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Aspects of Administration

Sanjoy Bagchi

By Bidyut Chakrabarty
Orient Longman, Hyderabad, 2007, pp. 368, Rs. 325.00

Edited by Ashok Agarwal
University Press, Hyderabad, 2008, pp. 437, Rs. 495.00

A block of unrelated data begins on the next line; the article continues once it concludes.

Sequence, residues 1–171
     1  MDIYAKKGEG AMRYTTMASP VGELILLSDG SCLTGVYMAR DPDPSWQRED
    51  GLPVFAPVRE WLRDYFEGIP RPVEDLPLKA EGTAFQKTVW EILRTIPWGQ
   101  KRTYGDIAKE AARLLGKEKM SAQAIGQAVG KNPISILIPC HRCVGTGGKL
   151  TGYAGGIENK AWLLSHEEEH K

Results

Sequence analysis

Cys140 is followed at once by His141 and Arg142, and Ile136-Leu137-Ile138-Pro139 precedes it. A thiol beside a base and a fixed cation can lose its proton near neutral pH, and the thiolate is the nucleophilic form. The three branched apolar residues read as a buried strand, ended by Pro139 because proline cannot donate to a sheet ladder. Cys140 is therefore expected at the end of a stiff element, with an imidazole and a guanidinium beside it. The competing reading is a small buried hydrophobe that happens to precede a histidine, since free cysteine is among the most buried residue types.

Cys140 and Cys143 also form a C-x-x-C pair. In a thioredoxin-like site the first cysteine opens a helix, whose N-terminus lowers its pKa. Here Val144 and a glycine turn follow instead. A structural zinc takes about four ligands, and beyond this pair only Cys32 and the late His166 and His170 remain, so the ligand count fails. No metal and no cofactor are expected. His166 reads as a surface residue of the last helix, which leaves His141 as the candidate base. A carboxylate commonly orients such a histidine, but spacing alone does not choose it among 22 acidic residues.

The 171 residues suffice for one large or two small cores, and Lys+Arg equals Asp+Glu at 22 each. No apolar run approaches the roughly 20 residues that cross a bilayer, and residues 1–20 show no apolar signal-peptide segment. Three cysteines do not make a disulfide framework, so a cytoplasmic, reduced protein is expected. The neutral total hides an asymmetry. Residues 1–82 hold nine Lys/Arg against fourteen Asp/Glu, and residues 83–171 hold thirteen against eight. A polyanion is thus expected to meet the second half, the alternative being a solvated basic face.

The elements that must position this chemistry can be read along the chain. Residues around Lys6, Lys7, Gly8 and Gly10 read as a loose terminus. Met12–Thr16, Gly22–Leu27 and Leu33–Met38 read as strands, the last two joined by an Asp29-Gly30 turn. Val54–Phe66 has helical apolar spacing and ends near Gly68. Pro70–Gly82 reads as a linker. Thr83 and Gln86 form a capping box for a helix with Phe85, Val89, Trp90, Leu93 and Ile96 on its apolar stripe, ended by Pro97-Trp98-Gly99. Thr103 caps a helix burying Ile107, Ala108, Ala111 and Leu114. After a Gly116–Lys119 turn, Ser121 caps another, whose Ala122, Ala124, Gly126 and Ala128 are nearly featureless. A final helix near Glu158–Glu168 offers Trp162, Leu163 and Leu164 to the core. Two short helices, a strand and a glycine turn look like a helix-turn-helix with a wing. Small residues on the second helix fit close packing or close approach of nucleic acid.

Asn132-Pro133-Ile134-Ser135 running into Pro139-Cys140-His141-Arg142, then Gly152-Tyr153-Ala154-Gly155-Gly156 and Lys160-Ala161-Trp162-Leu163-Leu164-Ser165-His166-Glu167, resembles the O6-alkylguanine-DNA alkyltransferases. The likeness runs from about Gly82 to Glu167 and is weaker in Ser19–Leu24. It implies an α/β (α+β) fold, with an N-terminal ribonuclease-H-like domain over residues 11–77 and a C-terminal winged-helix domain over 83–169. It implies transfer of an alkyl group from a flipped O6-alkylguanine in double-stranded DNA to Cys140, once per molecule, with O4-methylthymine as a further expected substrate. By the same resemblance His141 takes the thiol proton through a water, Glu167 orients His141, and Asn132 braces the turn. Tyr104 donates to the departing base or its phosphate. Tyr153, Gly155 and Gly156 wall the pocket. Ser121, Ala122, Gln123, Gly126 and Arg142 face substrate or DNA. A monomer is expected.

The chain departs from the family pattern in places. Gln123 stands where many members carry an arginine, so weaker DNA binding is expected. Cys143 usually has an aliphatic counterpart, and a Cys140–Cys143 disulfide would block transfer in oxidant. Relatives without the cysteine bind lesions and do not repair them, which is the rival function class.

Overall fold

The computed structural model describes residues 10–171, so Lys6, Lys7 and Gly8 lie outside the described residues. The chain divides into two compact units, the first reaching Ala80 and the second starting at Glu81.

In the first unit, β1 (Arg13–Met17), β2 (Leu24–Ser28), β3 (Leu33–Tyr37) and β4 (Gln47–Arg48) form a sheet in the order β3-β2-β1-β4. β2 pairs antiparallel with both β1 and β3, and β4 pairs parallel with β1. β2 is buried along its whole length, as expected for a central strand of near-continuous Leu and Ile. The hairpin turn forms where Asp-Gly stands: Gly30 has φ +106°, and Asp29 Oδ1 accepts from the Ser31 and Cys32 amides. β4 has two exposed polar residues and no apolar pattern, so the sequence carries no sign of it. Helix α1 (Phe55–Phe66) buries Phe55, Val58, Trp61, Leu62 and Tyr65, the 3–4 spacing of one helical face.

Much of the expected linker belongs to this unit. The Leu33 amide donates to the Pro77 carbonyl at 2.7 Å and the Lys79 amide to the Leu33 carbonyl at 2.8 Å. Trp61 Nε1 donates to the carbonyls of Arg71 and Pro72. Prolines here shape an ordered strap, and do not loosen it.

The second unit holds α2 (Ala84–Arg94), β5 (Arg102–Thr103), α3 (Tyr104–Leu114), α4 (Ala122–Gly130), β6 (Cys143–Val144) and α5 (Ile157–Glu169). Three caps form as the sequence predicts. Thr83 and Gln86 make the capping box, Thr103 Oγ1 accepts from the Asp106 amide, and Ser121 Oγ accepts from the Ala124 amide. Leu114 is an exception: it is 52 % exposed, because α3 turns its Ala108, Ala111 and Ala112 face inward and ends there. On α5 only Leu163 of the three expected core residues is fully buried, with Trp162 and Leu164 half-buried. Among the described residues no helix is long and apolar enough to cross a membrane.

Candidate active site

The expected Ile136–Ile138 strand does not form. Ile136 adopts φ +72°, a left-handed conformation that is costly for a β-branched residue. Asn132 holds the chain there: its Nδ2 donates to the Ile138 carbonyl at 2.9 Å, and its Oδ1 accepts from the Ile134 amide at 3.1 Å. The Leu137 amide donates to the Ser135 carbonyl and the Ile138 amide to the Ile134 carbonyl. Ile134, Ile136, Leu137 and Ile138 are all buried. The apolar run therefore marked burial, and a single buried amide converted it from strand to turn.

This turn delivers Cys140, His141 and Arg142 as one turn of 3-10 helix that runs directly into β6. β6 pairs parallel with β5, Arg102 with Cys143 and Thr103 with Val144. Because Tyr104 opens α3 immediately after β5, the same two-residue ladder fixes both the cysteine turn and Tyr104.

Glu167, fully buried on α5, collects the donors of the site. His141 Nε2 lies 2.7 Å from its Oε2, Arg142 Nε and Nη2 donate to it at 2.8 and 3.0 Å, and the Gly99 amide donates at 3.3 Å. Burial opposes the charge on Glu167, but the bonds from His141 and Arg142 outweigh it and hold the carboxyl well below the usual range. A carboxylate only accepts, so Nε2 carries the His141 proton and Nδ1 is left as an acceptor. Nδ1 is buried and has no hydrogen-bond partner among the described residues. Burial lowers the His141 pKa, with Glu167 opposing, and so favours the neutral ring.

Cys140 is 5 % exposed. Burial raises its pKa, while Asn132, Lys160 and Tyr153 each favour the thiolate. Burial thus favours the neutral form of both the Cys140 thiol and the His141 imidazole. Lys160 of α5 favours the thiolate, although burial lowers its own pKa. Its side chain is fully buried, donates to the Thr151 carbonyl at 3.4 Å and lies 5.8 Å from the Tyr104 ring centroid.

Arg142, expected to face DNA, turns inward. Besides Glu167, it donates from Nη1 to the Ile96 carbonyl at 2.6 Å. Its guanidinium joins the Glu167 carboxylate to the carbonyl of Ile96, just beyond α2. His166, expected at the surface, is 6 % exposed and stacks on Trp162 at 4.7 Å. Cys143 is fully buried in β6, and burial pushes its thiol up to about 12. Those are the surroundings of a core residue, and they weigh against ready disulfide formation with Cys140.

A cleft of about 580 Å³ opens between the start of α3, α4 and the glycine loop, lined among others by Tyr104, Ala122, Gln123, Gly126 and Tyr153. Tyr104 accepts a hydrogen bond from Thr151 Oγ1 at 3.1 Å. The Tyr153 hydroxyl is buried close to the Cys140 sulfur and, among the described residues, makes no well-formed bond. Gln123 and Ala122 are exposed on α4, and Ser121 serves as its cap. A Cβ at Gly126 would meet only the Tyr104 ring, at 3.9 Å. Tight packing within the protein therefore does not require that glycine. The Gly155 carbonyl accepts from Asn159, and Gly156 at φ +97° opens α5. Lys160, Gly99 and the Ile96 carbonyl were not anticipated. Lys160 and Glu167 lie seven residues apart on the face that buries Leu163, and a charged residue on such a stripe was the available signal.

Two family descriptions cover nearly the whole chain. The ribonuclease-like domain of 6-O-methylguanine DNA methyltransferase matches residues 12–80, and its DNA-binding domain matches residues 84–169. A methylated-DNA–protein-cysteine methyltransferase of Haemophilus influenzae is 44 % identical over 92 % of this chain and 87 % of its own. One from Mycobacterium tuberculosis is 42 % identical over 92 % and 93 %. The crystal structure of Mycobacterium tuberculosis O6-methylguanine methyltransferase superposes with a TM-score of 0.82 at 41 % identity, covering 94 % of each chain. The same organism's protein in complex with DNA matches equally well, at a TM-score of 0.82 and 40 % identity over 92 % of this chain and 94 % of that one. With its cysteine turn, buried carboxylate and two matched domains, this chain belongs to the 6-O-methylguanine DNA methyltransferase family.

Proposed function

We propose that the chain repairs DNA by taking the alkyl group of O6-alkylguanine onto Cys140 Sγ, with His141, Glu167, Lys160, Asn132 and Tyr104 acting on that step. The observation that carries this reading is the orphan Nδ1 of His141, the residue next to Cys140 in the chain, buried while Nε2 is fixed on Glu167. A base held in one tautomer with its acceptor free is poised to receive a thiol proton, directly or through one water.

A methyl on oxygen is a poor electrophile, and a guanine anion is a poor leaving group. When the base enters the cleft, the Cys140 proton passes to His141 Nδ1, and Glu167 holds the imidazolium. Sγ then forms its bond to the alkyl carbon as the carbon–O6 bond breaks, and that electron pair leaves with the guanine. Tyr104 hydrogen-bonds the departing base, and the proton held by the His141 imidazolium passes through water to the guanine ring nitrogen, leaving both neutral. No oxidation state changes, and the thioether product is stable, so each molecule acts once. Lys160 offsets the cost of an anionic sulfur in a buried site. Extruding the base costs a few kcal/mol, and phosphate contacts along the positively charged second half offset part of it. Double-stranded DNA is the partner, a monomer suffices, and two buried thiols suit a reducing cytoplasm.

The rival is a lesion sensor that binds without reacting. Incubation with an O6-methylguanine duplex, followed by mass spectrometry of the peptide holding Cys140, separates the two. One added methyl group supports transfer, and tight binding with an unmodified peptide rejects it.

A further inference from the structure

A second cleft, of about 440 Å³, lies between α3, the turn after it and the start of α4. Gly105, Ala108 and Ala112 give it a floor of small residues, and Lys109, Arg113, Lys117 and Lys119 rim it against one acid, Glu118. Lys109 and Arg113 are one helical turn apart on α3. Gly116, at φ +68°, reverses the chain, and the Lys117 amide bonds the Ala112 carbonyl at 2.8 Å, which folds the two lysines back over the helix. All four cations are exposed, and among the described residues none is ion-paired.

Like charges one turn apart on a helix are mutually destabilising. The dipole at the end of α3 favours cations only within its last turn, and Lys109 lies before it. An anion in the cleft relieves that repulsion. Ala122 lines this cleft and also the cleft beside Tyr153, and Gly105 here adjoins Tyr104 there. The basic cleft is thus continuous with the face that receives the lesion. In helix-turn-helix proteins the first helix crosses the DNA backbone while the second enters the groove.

Bidyut Chakrabarty is a well-known teacher of political science in Delhi University with several publications to his credit. He has now produced what his publisher calls as ‘an accessible and up-to-date textbook’ on public administration theory. The author believes that public administration is changing radically. He views the last century as the age of organization where bureaucracy controlled the ‘core values’ of public administration while the present one seems to be an ‘era of network based organisation’ drawn on neo-liberal values. He fears that ‘public in public administration seems to have lost its significance and the market has acquired salience in governance’.   The professor has identified ‘four interconnected themes’ that have given new directions in public administration recently: ‘globalisation’ that compels nations to reorient their public administration to ‘strike a balance between domestic needs and international linkages’; transformation of public administration from its traditional insular and hierarchical structure to a ‘network profile’ with lateral linkages; ‘governance’ which has been defined as extending ‘the ambit of domestic public administration’ and the last one is about democratic participation ‘to assert real popular control over governments through decentralization, openness, transparency and accountability’. The professor’s aim is ‘to provide a synoptic view of the developments in the discipline’ relating to these themes, ‘both at home and elsewhere’.   The first chapter outlines the evolution of theories of public administration beginning with the classical roots. Then it delves into the theory of Max Weber who occupies a position in public administration similar to that of Karl Marx in communist dogma. Then it examines the principles of development administration as well as the Marxist orientations. The chapter concludes with an analysis of the impact of globalization on public administration.   The author describes the theory and practice of governance, as ‘a conceptual riddle’. He finds ‘a special meaning in the context of globalisation’ and that should mean ‘the manner in which power is exercised’. The World Bank has underlined good governance to consist of predictable and open policy making, a bureaucracy imbued with a professional ethos slanted in favour of public good, the rule of law, transparent processes and a strong civil society. The World Bank has appropriately stressed these elements in the context of sub-Saharan Africa where over vast tracts there is neither administration nor governance. The chapter briefly examines each of these components, which are incapable of articulation in absolute terms. Its conclusion is that ‘...

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